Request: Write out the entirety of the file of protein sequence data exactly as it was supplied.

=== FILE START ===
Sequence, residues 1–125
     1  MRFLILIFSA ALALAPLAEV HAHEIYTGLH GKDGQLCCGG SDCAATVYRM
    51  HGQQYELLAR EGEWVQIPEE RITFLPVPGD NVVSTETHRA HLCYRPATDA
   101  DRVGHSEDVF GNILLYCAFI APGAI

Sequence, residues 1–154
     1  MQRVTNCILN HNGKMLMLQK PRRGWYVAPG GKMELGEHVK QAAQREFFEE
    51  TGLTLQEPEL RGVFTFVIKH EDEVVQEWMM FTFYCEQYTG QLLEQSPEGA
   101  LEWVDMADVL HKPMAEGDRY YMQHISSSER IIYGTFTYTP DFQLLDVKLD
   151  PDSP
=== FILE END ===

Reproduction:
Sequence, residues 1–125
     1  MRFLILIFSA ALALAPLAEV HAHEIYTGLH GKDGQLCCGG SDCAATVYRM
    51  HGQQYELLAR EGEWVQIPEE RITFLPVPGD NVVSTETHRA HLCYRPATDA
   101  DRVGHSEDVF GNILLYCAFI APGAI

Sequence, residues 1–154
     1  MQRVTNCILN HNGKMLMLQK PRRGWYVAPG GKMELGEHVK QAAQREFFEE
    51  TGLTLQEPEL RGVFTFVIKH EDEVVQEWMM FTFYCEQYTG QLLEQSPEGA
   101  LEWVDMADVL HKPMAEGDRY YMQHISSSER IIYGTFTYTP DFQLLDVKLD
   151  PDSP